As the summer is quickly coming to a close (though not quick enough) we will all be thinking about getting ready to overseed our turf. Just as the Bermudagrass is just starting to look its bests around the middle of August, we begin dropping our mow heights to begin preparing to throw Ryegrass seed around the beginning of October. This can be a very successful process, or it can be a disastrous one that you will pay for the following 3-4 months. Blame it on the weather ‘these 100+ degree days zapped all my seed!’ or blame it on the seed ‘my germination rate was very low this year, it must be bad seed!’ Whatever you decide to blame it on, here are a few keys that will be helpful in overseeding success.
- Check all nozzles before overseeding, just after dropping to your final mow height. Mowing to ½” can sometimes displace your spray head or cause problems. If these problems are fixed after the seed is down, you may run into problems like seed washing away if sprinkler head repairs are required and flooding occurs.
- DO NOT scalp! True scalping of turf is not recommended because of a few reasons:
- Can cause excessive damage to Bermudagrass, delaying its appearance next season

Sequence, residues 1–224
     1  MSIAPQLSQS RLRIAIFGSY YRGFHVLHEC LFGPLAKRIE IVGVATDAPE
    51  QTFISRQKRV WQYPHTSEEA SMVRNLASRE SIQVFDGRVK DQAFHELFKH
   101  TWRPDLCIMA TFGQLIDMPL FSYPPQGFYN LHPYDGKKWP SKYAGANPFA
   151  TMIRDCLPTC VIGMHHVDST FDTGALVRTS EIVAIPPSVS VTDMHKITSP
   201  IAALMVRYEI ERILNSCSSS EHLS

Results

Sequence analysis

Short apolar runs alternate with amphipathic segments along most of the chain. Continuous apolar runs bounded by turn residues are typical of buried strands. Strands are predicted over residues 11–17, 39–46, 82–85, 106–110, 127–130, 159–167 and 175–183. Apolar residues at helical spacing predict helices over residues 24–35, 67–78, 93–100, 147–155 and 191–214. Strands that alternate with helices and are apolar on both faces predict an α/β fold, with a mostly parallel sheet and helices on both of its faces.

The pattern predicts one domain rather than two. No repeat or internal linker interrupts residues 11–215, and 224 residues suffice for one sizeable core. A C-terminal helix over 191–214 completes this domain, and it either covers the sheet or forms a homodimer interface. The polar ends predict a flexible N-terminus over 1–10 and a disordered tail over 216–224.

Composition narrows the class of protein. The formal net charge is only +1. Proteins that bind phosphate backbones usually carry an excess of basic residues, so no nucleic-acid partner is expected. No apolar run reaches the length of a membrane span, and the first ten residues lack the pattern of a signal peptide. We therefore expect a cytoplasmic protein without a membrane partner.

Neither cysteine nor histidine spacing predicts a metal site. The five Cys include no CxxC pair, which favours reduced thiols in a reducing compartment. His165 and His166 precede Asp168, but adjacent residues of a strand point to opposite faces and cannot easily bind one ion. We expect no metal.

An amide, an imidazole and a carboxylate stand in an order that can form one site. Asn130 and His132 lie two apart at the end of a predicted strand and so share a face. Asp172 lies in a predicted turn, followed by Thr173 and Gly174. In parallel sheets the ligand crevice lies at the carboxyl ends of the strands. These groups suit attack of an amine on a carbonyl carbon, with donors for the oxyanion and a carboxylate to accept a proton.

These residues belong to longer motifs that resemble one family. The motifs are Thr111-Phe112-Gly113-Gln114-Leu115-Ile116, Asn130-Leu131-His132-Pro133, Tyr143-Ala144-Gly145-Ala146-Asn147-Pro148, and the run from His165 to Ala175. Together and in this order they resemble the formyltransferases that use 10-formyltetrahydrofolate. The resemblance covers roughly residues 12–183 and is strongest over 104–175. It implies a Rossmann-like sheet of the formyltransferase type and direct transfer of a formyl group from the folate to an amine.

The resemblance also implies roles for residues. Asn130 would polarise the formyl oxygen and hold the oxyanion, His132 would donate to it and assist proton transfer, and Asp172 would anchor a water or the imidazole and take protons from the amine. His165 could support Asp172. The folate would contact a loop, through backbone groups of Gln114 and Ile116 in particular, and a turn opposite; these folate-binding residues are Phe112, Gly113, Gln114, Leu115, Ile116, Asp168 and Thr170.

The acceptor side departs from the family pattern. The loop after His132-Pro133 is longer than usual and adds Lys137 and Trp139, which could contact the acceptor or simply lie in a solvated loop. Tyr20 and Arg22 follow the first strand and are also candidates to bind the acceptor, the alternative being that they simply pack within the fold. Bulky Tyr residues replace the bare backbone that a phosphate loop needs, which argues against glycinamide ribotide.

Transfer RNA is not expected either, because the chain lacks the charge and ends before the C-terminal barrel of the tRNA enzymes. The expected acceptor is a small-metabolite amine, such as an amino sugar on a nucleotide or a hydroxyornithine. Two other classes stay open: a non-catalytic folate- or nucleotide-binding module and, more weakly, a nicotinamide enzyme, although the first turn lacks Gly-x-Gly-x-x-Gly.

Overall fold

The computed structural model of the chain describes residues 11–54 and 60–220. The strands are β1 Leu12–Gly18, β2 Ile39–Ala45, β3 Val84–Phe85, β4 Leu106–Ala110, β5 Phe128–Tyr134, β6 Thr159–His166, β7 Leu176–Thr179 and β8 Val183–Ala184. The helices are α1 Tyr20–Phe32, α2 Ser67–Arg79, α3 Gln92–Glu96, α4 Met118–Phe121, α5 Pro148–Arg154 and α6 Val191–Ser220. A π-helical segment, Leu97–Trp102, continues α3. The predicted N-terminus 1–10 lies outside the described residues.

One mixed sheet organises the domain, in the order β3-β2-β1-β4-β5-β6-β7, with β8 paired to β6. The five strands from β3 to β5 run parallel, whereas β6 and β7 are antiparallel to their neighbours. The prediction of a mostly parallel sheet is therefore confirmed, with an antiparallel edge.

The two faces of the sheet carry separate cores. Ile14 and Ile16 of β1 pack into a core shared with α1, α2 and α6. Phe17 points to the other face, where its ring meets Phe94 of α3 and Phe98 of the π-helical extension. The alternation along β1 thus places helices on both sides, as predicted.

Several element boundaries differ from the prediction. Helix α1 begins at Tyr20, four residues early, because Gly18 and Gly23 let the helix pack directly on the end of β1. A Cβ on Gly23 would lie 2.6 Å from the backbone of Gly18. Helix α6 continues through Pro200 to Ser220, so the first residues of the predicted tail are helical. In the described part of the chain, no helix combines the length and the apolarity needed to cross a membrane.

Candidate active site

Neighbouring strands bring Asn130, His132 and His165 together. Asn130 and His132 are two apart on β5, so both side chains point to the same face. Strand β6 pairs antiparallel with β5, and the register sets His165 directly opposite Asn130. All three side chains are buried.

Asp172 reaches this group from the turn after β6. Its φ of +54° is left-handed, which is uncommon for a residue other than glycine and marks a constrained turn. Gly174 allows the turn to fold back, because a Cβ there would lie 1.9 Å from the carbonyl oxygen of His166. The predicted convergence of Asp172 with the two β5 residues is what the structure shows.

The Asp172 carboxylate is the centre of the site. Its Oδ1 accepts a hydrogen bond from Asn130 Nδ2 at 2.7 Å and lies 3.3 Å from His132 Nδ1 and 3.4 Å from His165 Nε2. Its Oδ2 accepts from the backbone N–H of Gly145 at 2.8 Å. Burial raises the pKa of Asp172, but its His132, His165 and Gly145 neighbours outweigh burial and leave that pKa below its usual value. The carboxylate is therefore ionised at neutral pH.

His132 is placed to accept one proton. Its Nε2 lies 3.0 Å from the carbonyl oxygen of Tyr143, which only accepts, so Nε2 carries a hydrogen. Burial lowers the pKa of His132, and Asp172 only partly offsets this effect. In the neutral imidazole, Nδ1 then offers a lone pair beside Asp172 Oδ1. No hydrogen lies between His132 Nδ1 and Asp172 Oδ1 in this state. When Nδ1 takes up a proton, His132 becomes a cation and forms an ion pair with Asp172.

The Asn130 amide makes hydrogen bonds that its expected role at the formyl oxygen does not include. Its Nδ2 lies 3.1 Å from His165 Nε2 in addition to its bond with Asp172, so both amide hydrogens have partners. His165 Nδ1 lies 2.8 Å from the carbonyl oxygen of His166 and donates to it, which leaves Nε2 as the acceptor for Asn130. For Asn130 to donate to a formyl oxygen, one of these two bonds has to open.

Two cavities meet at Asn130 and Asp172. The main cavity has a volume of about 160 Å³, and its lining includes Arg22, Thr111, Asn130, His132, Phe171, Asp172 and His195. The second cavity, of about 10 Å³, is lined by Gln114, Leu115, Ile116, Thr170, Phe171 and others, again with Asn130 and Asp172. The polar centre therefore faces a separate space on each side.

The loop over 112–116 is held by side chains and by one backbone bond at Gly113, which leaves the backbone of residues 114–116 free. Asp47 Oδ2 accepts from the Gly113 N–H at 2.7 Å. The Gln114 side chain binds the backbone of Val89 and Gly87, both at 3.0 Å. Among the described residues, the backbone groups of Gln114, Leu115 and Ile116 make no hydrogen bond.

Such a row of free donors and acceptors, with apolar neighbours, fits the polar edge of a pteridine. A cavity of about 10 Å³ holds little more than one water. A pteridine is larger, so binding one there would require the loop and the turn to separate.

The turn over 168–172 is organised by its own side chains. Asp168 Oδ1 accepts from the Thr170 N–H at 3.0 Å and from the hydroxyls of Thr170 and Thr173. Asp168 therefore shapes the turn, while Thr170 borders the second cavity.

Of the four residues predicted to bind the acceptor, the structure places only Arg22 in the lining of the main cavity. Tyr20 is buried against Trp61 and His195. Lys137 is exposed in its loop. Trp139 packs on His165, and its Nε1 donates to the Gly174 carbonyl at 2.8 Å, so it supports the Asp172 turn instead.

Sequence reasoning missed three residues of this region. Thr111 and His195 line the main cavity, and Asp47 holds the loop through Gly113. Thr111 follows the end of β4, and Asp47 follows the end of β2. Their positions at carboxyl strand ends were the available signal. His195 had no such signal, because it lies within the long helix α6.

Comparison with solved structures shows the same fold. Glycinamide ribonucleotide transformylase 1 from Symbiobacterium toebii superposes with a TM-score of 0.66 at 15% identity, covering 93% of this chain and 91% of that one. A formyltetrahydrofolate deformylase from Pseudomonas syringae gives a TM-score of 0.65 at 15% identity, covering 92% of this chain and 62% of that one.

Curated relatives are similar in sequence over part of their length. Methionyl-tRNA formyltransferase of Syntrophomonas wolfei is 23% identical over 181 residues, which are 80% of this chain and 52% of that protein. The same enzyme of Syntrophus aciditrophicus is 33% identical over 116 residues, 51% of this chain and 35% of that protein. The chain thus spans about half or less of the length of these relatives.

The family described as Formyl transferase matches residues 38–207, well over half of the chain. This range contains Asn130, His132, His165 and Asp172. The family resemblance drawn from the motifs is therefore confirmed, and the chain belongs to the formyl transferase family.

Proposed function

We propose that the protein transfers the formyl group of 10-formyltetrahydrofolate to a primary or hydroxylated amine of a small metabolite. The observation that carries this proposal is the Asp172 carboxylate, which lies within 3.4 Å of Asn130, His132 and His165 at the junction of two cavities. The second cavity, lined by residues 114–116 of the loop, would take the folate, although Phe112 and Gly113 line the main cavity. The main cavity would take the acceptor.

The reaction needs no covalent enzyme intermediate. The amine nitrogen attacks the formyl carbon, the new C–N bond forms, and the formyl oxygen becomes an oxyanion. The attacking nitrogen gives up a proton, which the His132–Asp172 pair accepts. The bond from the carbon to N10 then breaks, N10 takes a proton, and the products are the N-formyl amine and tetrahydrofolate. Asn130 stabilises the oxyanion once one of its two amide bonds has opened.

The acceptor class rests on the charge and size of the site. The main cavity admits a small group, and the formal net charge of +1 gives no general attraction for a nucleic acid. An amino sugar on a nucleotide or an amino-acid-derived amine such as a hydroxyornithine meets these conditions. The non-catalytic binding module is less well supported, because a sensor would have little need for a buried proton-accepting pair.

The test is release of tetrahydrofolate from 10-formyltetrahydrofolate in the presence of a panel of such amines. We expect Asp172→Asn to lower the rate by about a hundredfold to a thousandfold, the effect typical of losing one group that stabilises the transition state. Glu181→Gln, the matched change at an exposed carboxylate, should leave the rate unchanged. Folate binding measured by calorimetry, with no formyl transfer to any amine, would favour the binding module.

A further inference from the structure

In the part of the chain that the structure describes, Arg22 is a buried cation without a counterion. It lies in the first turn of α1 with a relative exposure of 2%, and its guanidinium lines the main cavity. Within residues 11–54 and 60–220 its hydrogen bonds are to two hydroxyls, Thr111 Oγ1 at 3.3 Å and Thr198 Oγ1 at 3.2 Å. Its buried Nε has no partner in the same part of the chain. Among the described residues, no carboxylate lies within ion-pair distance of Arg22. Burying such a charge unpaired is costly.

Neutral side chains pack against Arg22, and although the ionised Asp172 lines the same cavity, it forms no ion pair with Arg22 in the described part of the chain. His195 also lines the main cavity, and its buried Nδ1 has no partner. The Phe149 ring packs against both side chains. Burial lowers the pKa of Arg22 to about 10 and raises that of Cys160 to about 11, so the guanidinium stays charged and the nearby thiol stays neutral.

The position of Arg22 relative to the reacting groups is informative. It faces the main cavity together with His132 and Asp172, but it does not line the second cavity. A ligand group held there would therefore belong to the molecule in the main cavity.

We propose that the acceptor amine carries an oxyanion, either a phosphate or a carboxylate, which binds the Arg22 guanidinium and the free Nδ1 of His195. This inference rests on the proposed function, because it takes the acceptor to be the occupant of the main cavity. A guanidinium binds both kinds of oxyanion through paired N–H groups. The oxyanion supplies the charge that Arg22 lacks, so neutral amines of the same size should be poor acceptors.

- Scalping stresses out the turf, increasing the risk of disease and insect infestations
- Seed can more easily dry out because there is less moisture- holding thatch and organic matter
- Make sure mower blades are sharpened or replaced just prior to dropping mow height
- When dropping mow heights, ONLY REDUCE HEIGHT BY 30% PER WEEK
- You may have to begin dropping your height at the end of August to safely drop it to ¼- ¾” depending on Bermudagrass variety
- Consider leaving some clippings behind as they will act as a mulch protecting seed from drying out (leaving clippings behind will not cause thatch issues)
- Rechecking irrigation daily at different times of day for 1 week after seed has been thrown
- Irrigation is often the reason for spotty germination or seedling failure, check and recheck often!
- Calibrate your spreader and confirm your square footage
- Too little seed will be sparse and won’t look good until spring, too much seed can choke out each killing seed
- Begin fertilizing within 2-3 weeks of overseeding, continuing to apply fertilizer every 4-6 weeks through the winter and spring
- For recommendations on the ideal fertilizer formulations and fertility programs, please give me a call
It is best to wait to overseed until nighttime temperatures are in the mid 50’s or low 60’s. Depending on weather and other environmental factors, you will likely have your first mow about three weeks after seeding or when seedlings are about 3” tall. Good luck out there, and remember cool weather is coming; it may just be November before we see it!